Starting with building the wire network, I was fascinated with how easily structured the thin bonsai wire and the way he secured the plant made much sense. The use of the paper covered bind wire to create a network works brilliantly. It is easy to grasp the concept, but is rather difficult task to master it if not shown how to properly do it. So after my pitiful attempts to mimic it at home, I was now confident that I will be able to properly build wire networks on my own in the future.
Before my visit, David would constantly advise me to improve the quality of my aluminum collar. I didn’t quite know what he was talking about as I watched him prepare another collar. I was following along thinking to myself I do everything correct except for the actual applying the collar. David takes his time where as I tend to rush and execute a fair, but not the best I could do type of collar. I noticed that he gets a little more elegant towards the top conforming to the shape of the base roots instead of flaring out. Again, now I feel I am prepared for my next battle with the aluminum collar.
I was honored when David mentioned that he wanted to keep one of my rock sculptures in Fuku Bonsai’s permanent collection. I wanted to make sure it was a good one, and proud to say that its my best one so far, and I’m thrilled to see it displayed amongst its brothers, in a way, "MAN THINKING BONSAI!" made its way back home.
2. BASIC PRUNING FOLLOWING FIRST GROW-OUT AFTER PLANTING. Fuku-Bonsai's bonsai development strategy is to first create controlled growth in small containers until there's character within one inch of the soil line and a compact shallow root system. When done properly, each prepared stock has high potential and small stock becomes good small bonsai --- then good medium bonsai --- then good large bonsai.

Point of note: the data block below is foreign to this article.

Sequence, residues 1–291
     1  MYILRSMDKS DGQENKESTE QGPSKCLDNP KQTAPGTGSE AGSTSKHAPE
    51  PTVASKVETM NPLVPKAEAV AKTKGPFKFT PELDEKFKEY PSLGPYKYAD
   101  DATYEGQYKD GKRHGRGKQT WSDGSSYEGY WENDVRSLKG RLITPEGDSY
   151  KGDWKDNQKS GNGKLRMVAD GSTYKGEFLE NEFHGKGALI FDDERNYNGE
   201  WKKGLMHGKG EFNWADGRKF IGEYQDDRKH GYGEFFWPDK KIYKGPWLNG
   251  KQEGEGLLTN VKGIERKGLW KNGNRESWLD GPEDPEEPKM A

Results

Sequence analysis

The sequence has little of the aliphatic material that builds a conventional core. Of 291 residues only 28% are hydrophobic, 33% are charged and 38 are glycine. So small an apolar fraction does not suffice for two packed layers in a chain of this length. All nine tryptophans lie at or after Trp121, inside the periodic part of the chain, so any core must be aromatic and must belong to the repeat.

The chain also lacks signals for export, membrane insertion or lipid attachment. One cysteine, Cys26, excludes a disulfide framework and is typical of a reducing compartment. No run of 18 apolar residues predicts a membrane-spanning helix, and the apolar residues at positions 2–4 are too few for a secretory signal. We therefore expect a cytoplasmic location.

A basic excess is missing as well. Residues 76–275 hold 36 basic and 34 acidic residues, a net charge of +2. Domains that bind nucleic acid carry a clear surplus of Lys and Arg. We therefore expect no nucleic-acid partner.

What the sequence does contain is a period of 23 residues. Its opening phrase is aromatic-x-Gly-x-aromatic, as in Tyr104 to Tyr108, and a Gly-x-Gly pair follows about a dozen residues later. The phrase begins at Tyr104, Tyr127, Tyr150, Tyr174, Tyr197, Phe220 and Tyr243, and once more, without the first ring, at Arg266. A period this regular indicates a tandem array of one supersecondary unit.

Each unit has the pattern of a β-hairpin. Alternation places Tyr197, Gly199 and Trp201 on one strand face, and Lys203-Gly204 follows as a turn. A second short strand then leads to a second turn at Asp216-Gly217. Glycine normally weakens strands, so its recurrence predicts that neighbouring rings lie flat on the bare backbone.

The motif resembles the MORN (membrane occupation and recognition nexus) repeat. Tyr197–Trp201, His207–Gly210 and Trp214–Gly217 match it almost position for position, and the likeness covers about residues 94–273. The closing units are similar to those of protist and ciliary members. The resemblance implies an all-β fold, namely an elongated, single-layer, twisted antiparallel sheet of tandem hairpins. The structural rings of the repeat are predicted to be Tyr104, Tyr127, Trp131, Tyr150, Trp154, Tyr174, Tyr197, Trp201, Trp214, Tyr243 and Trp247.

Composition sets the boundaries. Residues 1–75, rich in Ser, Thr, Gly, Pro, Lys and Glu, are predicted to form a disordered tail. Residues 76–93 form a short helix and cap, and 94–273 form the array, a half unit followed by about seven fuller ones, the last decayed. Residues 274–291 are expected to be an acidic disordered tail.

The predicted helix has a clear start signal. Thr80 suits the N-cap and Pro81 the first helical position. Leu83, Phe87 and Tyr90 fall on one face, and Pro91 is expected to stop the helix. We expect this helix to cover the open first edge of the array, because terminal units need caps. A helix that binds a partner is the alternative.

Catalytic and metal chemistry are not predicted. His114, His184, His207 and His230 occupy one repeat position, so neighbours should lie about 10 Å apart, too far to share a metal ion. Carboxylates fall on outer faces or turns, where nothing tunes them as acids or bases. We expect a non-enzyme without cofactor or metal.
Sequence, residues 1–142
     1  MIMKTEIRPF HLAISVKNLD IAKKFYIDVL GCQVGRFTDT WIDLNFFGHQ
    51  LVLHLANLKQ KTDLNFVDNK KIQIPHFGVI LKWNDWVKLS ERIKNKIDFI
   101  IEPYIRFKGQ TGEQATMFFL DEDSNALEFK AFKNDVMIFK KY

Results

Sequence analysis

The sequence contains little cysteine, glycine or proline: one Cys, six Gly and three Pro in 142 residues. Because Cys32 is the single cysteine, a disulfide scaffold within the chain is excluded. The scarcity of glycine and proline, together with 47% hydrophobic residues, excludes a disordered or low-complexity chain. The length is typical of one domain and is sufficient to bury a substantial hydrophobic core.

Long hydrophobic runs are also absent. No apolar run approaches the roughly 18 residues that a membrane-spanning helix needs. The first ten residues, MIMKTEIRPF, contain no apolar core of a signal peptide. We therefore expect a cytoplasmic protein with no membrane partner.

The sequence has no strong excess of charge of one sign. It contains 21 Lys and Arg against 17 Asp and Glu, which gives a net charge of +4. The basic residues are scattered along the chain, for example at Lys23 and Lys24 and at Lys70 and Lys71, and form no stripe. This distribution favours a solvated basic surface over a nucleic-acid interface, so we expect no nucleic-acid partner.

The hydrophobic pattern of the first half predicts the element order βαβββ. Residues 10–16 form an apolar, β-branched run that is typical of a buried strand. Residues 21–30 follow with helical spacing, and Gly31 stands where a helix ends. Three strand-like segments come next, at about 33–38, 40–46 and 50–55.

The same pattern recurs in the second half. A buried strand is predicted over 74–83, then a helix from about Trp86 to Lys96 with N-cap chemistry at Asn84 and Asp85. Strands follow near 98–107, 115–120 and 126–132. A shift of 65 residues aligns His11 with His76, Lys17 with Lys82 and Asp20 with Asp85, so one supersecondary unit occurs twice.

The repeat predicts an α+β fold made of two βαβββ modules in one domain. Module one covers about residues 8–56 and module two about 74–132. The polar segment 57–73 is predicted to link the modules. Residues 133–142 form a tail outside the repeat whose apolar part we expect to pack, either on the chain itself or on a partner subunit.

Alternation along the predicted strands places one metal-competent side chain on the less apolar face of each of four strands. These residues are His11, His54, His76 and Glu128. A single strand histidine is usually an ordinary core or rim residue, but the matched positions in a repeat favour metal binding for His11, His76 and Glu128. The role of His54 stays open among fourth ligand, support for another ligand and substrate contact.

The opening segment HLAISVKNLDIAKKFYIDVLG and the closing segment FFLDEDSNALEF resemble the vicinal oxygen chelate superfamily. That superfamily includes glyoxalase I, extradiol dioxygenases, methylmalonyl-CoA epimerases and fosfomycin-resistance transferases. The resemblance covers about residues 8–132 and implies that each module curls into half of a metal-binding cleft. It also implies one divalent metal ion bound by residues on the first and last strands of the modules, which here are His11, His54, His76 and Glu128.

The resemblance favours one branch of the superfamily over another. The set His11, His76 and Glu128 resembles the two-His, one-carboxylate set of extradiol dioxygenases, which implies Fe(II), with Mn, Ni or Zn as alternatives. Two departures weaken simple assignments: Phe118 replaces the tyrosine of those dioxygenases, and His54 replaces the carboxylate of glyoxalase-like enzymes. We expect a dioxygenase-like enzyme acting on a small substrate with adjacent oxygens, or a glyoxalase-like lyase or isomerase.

Generally when we are creating large complex bonsai, we use larger full-size bonsai rather that small trees that would take many years to build out. These larger full-size bonsai already have trunks with character and a lot of branches. Once planted, they are allowed to "grow-out" without any attempt to do refinement training. So the trees grow strongly! The concept of this larger bonsai is that older bonsai are planted where normally a large bonsai would have a major branch. So this is a composite bonsai made up of several trees that will enlarge, grow together and eventually appear to be a single tree. Over time, the rotted trunk will fall away and the "trunk" will be made up of roots that have intertwined within the rotted log to be a solid "root-trunk" that can support the rest of the tree.
|By allowing vigorous grow-out, the trunks and branches thicken and stronger roots develop. This first pruning session following the first grow-out sets the strategy for completing the bonsai. This tree is named "HANALIKE II" and several older trees were assembled on to a rotted log during Ryan's May 2013 visit and that report is posted at www.fukubonsai.com/1a4b.html. There was about 6 months of grow-out to learn basic pruning of older assembled plants.|
We generally start at the lowest branch which in this case is the
lowest tree. The lowest portion is encouraged to grow